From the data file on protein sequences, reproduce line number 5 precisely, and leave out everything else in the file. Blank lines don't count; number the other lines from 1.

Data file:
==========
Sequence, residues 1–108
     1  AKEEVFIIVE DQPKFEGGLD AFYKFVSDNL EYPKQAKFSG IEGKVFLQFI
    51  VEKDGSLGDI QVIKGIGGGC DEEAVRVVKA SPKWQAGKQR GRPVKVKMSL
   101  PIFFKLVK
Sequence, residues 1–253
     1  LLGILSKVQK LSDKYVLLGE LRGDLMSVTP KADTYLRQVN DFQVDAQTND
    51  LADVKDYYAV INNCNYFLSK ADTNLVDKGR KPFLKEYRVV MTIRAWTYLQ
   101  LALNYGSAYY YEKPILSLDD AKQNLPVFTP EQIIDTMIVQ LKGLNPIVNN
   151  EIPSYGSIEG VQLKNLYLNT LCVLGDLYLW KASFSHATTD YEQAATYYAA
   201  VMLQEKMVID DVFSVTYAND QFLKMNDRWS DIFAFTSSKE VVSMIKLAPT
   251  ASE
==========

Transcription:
Sequence, residues 1–253